Monday, 31 January 2011

Monday 31st Jan, 3.30pm, Zibo

So, as it turns out, the “little town” of Zibo where Keer grew up has a population of five million – that’s the equivalent of the number of cars on the streets of Beijing. And the number of people in Croatia.

We are currently at Keer’s grandma’s next door neighbour’s house, on our second tutoring session with the 14-year-old girl who lives here. We’ve been asked to help for a couple of hours every day with English and Maths. Keer’s in charge of the English bit since she can explain all in Chinese. I’ve been helping with trigonometry; it’s comforting to think that, although I am 5000 miles from home, Maths is still a language I can communicate in.

Last night was our first proper night out in China. The hair dresser that we met on Saturday – who cut and dyed my hair for 80RMB – took us to meet his friends at a club night in the centre of Zibo. First impression of Chinese clubbing – much like my first impressions of everything in China so far – mental! The music was exceptionally loud, the lights were dancing as much as the clubbers, and the strobes showed no sign of letting up at any point in the night.

The most bizarre bit of the night’s proceedings was the “light entertainment” – some singing to Lady Gaga’s Pokerface by a club circuit singer, a guy who made balloon animals (!) and spun bowls and kettles filled with boiling water on various poles (including a spatula) resting on his face, and a man who practised Kung Fu, and spent five minutes straining the air from his lungs into a 10-meter fireman’s hose to blow up – and subsequently burst – a rubber glove at the other end. Then it was time for some audience participation and, predictably, Keer dragged me onto the stage to take part in a “gameshow” contest involving transporting ping-pong balls from one end of the stage to the other, using only straws and the principles of suction. My designated partner and I placed second, and I walked away with a giant teddy!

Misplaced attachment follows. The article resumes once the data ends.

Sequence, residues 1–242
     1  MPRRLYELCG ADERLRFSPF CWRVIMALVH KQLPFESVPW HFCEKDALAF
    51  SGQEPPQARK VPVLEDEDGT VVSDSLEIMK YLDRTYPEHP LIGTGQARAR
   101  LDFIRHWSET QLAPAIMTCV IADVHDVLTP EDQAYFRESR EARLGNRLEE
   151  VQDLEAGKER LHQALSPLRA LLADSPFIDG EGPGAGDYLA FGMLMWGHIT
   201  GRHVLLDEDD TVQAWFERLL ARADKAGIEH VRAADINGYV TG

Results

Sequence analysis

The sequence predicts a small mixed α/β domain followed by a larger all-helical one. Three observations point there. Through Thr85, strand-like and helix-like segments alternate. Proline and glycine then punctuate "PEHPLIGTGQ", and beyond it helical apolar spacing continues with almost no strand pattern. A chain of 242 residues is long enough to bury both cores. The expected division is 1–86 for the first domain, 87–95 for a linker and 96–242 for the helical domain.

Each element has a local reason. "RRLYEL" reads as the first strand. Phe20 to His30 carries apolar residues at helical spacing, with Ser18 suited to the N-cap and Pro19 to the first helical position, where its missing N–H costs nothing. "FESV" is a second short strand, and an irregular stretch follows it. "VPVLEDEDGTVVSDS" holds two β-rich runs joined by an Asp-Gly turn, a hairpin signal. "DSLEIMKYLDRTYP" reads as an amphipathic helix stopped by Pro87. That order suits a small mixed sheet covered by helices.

Having danced ourselves silly we made our way to one of the other floors of this gigantic entertainment complex (which also housed pool tables, video games, and God knows what else besides) and spent a happy few hours singing along to favourite karaoke tunes. The boys we were with treated us to many Chinese classics, the five of them at various stages of their vocal development.

I’ve been making a mental note of the Chinese “adages” we’ve been privy to; a couple of my favourites –
[upon noticing the goldfish at the hairdressers’] “Goldfish are a sign of prosperity!”
[upon entering aforementioned neighbour’s house] “Fat faces bring fortune!” The neighbours were rather excited to see a white face – “This is too good!”. Wondering round the streets of Zibo is what I imagine it might be like to be a Z-list celebrity – people stare as you walk past, trying to figure out if their eyes are deceiving them, and at the same time wondering if such interest should genuinely be warranted.

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